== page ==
La Saline, which means the salt, is a hot dusty place. The land is free to use, because part of the time it is under water. So the poorest of the poor build there. A couple of weeks ago we held a clinic for the school at the church in this town. About 100 children and a few adults were seen and treated. This church also does a feeding program for the children of the Saline, so we gave them vitamins to distribute as a supplement to their diet of beans and rice. We returned with a new team, and this weekend the land was dry, as it had not rained in 4-5 days. This was a blessing, because when it rains, mud and garbage wash into the flats, making it unpleasant to walk through. A medical team from South Florida and Martin Memorial Hospital came to help with a two-day clinic for the general public. As you looked out the window of the church, across the dry, hot, dusty salt flats, you could see the ocean only 200 yards away. This gave us a nice breeze to help keep us going in the extreme heat. Advertisement was word of mouth, so we started out slow but by mid-morning, we were quite busy. We had one doctor who was a Pediatrician and another who was Internal medicine; there was also a PA, who saw mostly adults. We split the patients into two groups—children and adults—and there were three stations set up for physicals and treatment, with a fourth station set as a pharmacy. My job was crowd control and the triage of patients. No one was life or death sick, but many people came with colds, headaches, back pain, ear aches and coughing. Malnutrition, worms, high blood pressure and asthma were also common problems. We saw and treated over 450 people in the two days that we were there. If we would be charging for our care, we would have gotten a big bonus from our employer; but we are not here for the money, rather to help those in need. The needs here are real, and many times, desperate. People need jobs. In the States, we complain that our unemployment rate is 8-9%; in Haiti, unemployment is 70%. We complain that our employer doesn’t offer eye and dental coverage; but on La Gonave, two-thirds of the Island does not even have a clinic or hospital close enough to reach if their life was at risk. Many do not have clean water, or soil suitable to grow food. We have started a project fund through Global Partners to help with these basic needs, and provide training so that they can solve these life-threatening problems themselves. We have called this project, La Gonave Community Health Evangelism. How can you help these people? You can come to give of your time and your skills. We need many different skills taught to help train the Haitians to help themselves. We also need financial help to be able to do this work in Haiti. We would like to introduce to you the new project number, WM06-1337. This is the project fund to help pay the expenses of our emerging community health and development mission. This is the venture that we have started in Fantina, and hope to develop across the Island. It is a training program that teaches community leaders to identify the local needs, and to identify local resources to solve those needs. It then teaches local Community Health Agents the needed skills to teach and help the community to put the identified solution to the local needs into practice.

Saturday, June 5, 2010

A visting friend tells highlights from his Haiti experience

Well, as most of you know, missions trips have been part of my life for about 6 years now; but one thing that I haven’t done much of, is write day-by-day journals. Now that I’ve looked back and regretted not writing things down, it makes me want to record every special moment on every one of my trips.
Another awesome part about this trip is that Lexi, the second child in my family, is along with me to make a difference in the lives of the people here. We set off from home around noontime on June 1, 2010, to the Newark International Airport. Our flight was scheduled for 4:45pm on American Airlines, but it got cancelled because of the nasty storms that were brewing up. AA set us up on another flight on the same route on Continental Airlines; so we said our good-byes and got into the security line.
We figured since we had 12 hours of layover in Miami, we might as well get to know the airport a little bit and try to have some fun.About 5:30 we were able to get our luggage and headed off to check in at our gate. After a safe flight to Port-au-Prince, Haiti, we stepped out into the blistering heat and boarded the shuttle bus to get to the immigration stations. . After finally getting our bags, we held hands to stay together, and headed out into the black wilderness. It was a different experience for Lexi, knowing that every person around you was eyeing you head-to-toe; but after a few minutes, we saw some familiar white faces and rushed over in glee to Robin and Cassie Adams…..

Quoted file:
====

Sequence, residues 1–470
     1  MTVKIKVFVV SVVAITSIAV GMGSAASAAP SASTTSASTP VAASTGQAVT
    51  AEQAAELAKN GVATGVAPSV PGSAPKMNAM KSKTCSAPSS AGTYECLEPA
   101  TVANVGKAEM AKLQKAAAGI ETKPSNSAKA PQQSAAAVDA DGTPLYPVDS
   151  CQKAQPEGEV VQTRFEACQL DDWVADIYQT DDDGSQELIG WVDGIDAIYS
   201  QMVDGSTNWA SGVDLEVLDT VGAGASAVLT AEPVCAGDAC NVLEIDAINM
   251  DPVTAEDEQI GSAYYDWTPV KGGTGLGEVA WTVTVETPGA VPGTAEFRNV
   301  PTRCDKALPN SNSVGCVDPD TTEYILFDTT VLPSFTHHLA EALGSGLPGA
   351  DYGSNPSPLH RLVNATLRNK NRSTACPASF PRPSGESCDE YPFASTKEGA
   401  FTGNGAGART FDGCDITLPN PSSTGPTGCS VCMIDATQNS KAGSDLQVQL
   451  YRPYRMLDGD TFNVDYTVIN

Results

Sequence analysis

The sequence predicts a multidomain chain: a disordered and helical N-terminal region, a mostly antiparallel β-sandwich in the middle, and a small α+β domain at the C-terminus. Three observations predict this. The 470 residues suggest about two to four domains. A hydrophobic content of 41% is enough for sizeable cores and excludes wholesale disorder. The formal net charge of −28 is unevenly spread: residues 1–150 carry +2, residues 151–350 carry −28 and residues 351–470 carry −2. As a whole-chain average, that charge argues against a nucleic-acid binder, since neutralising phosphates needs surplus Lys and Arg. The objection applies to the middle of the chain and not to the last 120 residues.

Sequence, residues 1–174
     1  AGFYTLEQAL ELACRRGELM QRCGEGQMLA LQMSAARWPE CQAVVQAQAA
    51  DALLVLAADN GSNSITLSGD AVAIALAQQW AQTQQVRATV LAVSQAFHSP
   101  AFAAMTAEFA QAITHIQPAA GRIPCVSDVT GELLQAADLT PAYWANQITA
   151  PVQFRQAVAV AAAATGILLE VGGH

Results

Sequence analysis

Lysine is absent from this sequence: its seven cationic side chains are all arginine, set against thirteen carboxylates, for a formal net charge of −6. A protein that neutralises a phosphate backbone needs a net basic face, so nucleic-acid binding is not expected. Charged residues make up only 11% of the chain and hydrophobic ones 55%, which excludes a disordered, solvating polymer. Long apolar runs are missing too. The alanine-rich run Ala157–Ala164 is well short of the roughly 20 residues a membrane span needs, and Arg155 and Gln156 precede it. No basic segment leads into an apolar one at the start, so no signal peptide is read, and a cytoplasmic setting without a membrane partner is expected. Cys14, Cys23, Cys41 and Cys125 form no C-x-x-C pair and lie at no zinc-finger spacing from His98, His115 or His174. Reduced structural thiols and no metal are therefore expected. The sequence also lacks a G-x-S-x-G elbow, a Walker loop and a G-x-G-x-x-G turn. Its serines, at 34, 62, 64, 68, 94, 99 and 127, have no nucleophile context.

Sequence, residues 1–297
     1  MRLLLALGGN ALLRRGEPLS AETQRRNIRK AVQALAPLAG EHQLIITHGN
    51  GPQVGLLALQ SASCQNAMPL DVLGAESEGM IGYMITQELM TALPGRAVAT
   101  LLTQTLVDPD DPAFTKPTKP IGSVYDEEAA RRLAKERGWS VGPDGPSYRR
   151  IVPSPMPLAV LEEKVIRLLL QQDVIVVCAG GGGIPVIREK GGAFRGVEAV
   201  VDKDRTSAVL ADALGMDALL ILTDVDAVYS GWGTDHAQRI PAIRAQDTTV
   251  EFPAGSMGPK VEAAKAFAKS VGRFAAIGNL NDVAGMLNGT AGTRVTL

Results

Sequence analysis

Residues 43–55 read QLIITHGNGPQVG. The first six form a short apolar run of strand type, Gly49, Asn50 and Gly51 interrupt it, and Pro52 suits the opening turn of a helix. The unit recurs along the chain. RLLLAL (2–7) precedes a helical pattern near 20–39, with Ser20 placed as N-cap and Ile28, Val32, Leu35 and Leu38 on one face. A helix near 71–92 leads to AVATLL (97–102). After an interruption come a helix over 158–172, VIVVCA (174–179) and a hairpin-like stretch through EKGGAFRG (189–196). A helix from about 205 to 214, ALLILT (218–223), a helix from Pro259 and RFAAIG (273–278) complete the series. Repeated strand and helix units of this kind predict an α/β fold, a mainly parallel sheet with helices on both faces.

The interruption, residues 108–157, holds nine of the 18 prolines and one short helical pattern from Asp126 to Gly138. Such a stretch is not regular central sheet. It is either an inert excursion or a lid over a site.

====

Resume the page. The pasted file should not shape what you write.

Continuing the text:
…..As we jumped into the “Contair” (big pick-up truck with caged-in bed), we found out that Robin and Cassie came with a Haitian driver, named Judain; and that they had been there since the day before getting groceries. Driving through Port-au-Prince, we saw a little bit of what the earthquake had done, and how much there is yet to pick up and rebuild. We saw a “tent city”, where thousands of people are living in simple tents because their homes were destroyed. Also on the way, we stopped at a plant to pick up some boxes of frozen chicken to take over to the island to eat. Some other sites along the 2 hour drive to the boat port were: massive grave sites where the whole family is buried in the same little grave house; little towns with very little infrastructure; wide-open fields with tents and animals scattered throughout the land; beautiful beaches along the coast; and high, majestic mountains all around us. The roads outside of the city got a lot better, but the driving didn’t…We were constantly yelling over horns beeping and trucks and school buses flying by. It was an amazing contrast between the hectic, crowded city, and the beautiful, tranquil countryside. There were Haitians everywhere, and as soon as they figured out that there were white people in back of the truck, all eyes were directed towards us. We arrived at the dock after a while, and for the first time, we got some relief from the heat by wading into the bath-water-temperature bay....

... After about 6 miles into the boat voyage, we had the awesome opportunity to watch a school of dolphins play around near the boat. Everyone else came up to the roof in the front to watch the show. They said that it was the biggest gathering that they had ever seen of dolphins on the way over, so it was pretty amazing. They jumped for us and even scooted along the top of the water on their tails like they do in the Sea World shows. :-) Also on our way over, we had the privilege to get acquainted with the famous flying fish…They are pretty cool to watch as they jump up and skim across the top of the water. As blue as it was, the ocean water was contaminated with garbage all along the current that traveled through the channel. We learned that the trash comes out of Port-au-Prince as the rain comes down at night and washes it around. Anyway, we arrived to the island dock around the middle of the day and were greeted by Lowell and Maddie Adams, along with some other Haitian guys. We loaded up the truck and jumped in to head up to their house on the missionary compound. We asked lots of questions and found out that the island is around 30 miles long and about 10 miles wide. It has 40 to 50 different communities living on it and the population drastically rose after the earthquake damaged so much of Port-au-Prince.